LV transmitter 125 and LV receiver 130 have respective critical paths 145 and 150 that are implemented using transistors that have relatively thin gate dielectrics, as compared with those of the HV driver, to support improved speed performance. As detailed in connection with later figures, these low-voltage transistors can be damaged by over-voltage conditions, and so are protected against the relatively high voltages applied to IO supply node VddIO and pad 135 in the HV mode. In another embodiment, the HV circuit may be implemented using transistors having the same thin gate dielectrics as in the LV circuit, but the transistors in the HV circuit are protected from the IO voltage, for example with a raised ground node.

LV transmitter 125 and LV receiver 130 are enabled when the LV mode is selected, and HV transmitter 115 and HV receiver 120 are disabled. Transmitter 125 conveys data signals Dtx to an IO pad 135. Receiver 130 conveys data from the same pad 135 to recover received data Drx. Multiplexer 140 selects the output of receiver 130 in the LV mode responsive to the mode select signal Mode. Clock source 105 provides a clock signal ck_lv that provides the timing appropriate for the LV mode. A relatively low 1.0V IO voltage is applied to IO supply node VddIO. The 0.9V core voltage applied to supply node Vdd is the same in both modes in this embodiment.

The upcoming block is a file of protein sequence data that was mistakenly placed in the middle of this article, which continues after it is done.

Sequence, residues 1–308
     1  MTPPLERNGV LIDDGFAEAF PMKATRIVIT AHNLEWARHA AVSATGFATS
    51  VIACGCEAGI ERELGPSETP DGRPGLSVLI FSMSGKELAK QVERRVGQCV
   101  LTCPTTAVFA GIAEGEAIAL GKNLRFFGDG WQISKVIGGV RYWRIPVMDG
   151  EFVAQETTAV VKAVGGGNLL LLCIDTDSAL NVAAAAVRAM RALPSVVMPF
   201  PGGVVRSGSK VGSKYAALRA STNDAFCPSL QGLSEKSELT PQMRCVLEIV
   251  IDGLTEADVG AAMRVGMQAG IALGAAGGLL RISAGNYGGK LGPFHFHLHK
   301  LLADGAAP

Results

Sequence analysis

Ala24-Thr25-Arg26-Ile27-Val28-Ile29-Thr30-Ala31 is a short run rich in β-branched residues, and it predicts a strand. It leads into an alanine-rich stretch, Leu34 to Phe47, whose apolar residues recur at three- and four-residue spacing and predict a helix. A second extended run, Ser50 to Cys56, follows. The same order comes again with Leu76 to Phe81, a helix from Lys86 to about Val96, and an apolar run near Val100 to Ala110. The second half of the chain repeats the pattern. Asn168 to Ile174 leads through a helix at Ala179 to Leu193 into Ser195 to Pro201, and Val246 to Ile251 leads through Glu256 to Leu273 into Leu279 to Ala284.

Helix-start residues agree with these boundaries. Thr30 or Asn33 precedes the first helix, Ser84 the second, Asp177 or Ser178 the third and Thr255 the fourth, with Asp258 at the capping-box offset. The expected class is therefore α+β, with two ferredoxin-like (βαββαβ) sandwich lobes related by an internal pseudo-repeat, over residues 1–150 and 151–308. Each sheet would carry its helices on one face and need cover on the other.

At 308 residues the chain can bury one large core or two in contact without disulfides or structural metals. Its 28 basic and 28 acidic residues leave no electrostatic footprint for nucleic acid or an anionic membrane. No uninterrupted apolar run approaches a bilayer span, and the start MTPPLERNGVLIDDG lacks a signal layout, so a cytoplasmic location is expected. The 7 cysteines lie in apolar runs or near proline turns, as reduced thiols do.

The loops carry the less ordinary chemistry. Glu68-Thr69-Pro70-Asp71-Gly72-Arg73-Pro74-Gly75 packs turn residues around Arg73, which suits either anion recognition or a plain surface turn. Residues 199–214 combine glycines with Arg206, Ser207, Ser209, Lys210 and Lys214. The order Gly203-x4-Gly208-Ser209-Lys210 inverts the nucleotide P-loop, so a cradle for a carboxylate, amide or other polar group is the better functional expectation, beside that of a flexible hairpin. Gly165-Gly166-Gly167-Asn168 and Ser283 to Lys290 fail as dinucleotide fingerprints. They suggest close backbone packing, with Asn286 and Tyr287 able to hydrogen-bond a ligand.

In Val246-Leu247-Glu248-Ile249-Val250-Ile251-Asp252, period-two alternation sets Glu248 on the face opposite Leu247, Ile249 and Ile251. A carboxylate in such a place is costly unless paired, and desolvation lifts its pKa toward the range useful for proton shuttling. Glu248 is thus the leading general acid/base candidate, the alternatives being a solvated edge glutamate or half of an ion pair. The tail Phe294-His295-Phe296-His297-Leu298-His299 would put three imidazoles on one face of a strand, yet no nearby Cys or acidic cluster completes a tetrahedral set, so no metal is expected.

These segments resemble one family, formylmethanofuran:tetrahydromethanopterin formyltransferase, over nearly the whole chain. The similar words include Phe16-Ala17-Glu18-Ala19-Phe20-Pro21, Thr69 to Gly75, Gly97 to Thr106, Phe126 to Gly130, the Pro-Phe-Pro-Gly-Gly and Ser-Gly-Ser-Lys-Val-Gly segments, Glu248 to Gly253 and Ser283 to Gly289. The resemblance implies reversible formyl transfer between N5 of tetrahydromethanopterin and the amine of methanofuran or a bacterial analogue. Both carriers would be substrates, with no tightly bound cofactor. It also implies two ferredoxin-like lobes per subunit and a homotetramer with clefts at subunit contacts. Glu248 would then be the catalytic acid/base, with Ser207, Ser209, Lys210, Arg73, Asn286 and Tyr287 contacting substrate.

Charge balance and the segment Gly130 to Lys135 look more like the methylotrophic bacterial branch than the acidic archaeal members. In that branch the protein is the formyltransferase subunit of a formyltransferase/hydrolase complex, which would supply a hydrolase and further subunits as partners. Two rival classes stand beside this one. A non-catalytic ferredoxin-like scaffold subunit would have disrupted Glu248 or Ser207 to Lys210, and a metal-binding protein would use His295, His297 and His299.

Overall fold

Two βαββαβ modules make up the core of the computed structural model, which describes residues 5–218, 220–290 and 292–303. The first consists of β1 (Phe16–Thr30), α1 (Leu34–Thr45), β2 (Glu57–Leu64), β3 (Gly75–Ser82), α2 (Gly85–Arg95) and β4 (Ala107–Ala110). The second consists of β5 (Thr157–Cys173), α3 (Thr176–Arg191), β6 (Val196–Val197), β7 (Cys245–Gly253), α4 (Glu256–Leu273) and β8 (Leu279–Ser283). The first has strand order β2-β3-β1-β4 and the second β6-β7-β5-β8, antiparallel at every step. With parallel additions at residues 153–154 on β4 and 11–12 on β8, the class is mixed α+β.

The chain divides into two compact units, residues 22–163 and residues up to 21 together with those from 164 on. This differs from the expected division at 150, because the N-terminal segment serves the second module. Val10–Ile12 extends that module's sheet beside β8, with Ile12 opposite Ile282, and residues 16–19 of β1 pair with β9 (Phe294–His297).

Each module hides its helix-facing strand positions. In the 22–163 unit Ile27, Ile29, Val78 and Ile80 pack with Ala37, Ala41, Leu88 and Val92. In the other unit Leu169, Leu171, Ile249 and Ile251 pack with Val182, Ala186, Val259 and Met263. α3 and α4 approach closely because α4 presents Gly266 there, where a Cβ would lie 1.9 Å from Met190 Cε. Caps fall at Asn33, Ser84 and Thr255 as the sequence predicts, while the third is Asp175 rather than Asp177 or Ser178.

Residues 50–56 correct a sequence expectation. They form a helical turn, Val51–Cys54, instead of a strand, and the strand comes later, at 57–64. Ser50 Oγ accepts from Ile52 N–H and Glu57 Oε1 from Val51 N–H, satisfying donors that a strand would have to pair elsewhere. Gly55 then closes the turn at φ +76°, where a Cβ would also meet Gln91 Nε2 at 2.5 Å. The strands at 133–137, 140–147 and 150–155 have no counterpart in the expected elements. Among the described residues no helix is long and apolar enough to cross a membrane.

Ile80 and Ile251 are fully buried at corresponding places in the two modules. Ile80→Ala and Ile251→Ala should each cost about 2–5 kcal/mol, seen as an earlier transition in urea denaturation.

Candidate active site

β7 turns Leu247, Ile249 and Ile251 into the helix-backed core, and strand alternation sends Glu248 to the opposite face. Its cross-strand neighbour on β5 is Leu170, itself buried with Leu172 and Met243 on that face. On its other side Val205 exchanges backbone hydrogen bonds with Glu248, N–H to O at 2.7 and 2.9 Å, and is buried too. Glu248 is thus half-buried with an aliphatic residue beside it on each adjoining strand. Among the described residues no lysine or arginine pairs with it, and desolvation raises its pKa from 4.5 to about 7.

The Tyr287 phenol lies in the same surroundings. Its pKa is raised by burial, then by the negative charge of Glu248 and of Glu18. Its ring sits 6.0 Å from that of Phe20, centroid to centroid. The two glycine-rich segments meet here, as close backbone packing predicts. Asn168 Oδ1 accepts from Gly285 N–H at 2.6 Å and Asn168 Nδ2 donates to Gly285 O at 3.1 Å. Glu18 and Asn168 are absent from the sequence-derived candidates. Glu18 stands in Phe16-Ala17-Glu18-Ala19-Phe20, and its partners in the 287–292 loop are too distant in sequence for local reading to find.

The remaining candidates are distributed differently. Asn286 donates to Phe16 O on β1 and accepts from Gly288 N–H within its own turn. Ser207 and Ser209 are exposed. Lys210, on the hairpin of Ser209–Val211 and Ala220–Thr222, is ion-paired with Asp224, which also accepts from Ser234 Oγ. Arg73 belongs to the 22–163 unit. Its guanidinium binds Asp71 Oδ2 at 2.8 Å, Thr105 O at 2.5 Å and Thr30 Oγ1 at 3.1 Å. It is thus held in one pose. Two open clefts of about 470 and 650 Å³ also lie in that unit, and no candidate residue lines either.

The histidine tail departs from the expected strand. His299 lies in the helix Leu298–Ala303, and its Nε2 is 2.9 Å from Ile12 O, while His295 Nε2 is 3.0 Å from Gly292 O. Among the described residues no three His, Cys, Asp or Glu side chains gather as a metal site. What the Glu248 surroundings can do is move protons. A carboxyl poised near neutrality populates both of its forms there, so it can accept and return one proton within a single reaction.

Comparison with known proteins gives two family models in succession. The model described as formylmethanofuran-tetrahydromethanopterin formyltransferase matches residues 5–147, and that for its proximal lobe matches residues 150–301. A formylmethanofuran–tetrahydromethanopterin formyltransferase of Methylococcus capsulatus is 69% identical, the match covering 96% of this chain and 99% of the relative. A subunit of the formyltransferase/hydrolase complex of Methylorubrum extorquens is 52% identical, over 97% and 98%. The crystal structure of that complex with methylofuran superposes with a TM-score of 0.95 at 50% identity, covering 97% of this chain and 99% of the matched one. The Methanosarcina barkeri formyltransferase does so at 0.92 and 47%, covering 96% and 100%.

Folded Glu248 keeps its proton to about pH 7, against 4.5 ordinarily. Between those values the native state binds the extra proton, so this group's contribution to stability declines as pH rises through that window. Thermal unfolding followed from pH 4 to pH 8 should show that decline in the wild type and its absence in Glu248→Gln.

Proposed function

FIG. 2 depicts an embodiment of LV transmitter 125 of FIG. 1. Transmitter 125 includes complementary output multiplexers 200 and 205, a clock-delay adjustment circuit 210, complementary pull-up and pull-down predrivers 215 and 220, a driver 225, and mode-select circuit 230.